The Vatican stated in 1995 that, while the words καὶ τοῦ Υἱοῦ ("and the Son") would indeed be heretical if used with the Greek verb ἐκπορεύομαι (from ἐκ, "out of" and πορεύομαι "to come or go") – which is one of the terms used by St. Gregory of Nazianzus and the one adopted by the Council of Constantinople— the word Filioque is not heretical when associated with the Latin verb procedo and the related word processio. Whereas the verb ἐκπορεύομαι in Gregory and other Fathers necessarily means "to originate from a cause or principle," the Latin term procedo (from pro, "forward;" and cedo, "to go") has no such connotation and simply denotes the communication of the Divine Essence or Substance. In this sense, processio is similar in meaning to the Greek term προϊέναι, used by the Fathers from Alexandria (especially Cyril of Alexandria) as well as others. Partly due to the influence of the Latin translations of the New Testament (especially of John 15:26), the term ἐκπορευόμενον (the present participle of ἐκπορεύομαι) in the creed was translated into Latin as procedentem. In time, the Latin version of the Creed came to be interpreted in the West in the light of the Western concept of processio, which required the affirmation of the Filioque to avoid the heresy of Arianism.
The view that the Nicene Creed can serve as a touchstone of true Christian faith is reflected in the name "symbol of faith", which was given to it in Greek and Latin, when in those languages the word "symbol" meant a "token for identification (by comparison with a counterpart)".
In the Roman Rite Mass, the Latin text of the Niceno-Constantinopolitan Creed, with "Deum de Deo" (God from God) and "Filioque" (and from the Son), phrases absent in the original text, was previously the only form used for the "profession of faith". The Roman Missal now refers to it jointly with the Apostles' Creed as "the Symbol or Profession of Faith or Creed", describing the second as "the baptismal Symbol of the Roman Church, known as the Apostles' Creed".
The liturgies of the ancient Churches of Eastern Christianity (Eastern Orthodox Church, Oriental Orthodoxy, Church of the East and the Eastern Catholic Churches), use the Niceno-Constantinopolitan Creed, never the Western Apostles' Creed.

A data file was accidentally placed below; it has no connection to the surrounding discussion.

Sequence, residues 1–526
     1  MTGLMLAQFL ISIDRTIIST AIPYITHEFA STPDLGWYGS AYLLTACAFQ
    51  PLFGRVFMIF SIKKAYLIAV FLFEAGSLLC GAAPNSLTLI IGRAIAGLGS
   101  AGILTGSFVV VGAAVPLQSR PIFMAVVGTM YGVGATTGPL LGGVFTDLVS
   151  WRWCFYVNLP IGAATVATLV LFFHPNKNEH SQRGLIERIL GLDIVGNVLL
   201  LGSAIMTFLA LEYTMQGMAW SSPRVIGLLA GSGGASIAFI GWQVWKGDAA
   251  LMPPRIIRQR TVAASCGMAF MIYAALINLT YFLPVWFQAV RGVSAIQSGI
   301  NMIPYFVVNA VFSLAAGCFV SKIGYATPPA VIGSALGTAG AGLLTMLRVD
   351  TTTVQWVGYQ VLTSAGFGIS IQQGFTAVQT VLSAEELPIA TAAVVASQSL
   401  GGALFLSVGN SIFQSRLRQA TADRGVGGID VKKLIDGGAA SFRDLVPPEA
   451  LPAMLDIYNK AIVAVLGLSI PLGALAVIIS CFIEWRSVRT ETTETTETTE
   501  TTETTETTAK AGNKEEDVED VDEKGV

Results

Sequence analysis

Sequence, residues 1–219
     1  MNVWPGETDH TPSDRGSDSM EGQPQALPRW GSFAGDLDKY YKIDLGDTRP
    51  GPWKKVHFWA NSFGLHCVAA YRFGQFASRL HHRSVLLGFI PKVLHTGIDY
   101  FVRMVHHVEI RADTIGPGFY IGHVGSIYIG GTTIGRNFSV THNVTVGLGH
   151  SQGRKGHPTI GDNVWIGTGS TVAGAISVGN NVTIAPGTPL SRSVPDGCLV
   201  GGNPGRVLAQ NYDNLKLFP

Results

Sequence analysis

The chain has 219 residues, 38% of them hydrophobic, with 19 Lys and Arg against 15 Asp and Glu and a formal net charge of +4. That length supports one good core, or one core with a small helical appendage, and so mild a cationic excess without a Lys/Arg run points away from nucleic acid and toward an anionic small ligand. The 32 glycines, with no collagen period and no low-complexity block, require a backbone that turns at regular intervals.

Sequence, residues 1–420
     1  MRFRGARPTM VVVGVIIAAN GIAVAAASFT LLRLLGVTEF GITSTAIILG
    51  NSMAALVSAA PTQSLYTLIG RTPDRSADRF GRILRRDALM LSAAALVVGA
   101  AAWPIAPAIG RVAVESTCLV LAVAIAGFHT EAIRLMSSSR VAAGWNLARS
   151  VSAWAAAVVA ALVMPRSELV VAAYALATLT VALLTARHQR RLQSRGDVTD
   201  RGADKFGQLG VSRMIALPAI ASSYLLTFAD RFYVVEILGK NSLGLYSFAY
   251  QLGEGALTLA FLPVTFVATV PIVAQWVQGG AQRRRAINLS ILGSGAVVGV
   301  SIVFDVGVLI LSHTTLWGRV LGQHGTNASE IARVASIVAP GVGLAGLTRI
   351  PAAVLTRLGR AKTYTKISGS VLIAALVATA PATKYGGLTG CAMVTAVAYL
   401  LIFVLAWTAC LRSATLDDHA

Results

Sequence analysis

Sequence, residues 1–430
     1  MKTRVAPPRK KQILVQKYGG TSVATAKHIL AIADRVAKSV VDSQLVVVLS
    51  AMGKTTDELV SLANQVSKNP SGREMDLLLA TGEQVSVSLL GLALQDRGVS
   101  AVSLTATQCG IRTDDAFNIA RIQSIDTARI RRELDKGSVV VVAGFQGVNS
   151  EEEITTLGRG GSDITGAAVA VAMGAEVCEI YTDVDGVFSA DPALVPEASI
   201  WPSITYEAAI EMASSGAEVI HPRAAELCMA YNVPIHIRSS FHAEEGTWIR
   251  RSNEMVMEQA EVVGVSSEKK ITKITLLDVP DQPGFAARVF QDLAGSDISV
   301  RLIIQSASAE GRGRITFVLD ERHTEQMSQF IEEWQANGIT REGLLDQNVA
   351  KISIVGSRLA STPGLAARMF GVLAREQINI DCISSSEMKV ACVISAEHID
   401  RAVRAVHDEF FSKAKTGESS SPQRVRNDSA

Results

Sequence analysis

While in certain places where the Byzantine Rite is used, the choir or congregation sings the Creed at the Divine Liturgy, in many places the Creed is typically recited by the cantor, who in this capacity represents the whole congregation although many, and sometimes all, members of the congregation may join in rhythmic recitation. Where the latter is the practice, it is customary to invite, as a token of honor, any prominent lay member of the congregation who happens to be present, e.g., royalty, a visiting dignitary, the Mayor, etc., to recite the Creed in lieu of the cantor. This practice stems from the tradition that the prerogative to recite the Creed belonged to the Emperor, speaking for his populace.
Some evangelical and other Christians consider the Nicene Creed helpful and to a certain extent authoritative, but not infallibly so in view of their belief that only Scripture is truly authoritative. Non-Trinitarian groups, such as the Church of the New Jerusalem, The Church of Jesus Christ of Latter-day Saints and the Jehovah's Witnesses, explicitly reject some of the statements in the Nicene Creed.
Ancient liturgical versions
There are several designations for the two forms of the Nicene creed, some with overlapping meanings:
- Nicene Creed or the Creed of Nicaea is used to refer to the original version adopted at the First Council of Nicaea (325), to the revised version adopted by the First Council of Constantinople (381), to the liturgical text used by the Orthodox Church (with "I believe" instead of "We believe"), to the Latin version that includes the phrase "Deum de Deo" and "Filioque", and to the Armenian version, which does not include "and from the Son", but does include "God from God" and many other phrases.
- Niceno-Constantinopolitan Creed can stand for the revised version of Constantinople (381) or the later Latin version or various other versions.
- Icon/Symbol of the Faith is the usual designation for the revised version of Constantinople 381 in the Orthodox churches, where this is the only creed used in the liturgy.
- Profession of Faith of the 318 Fathers refers specifically to the version of Nicaea 325 (traditionally, 318 bishops took part at the First Council of Nicaea).
- Profession of Faith of the 150 Fathers refers specifically to the version of Constantinople 381 (traditionally, 150 bishops took part at the First Council of Constantinople).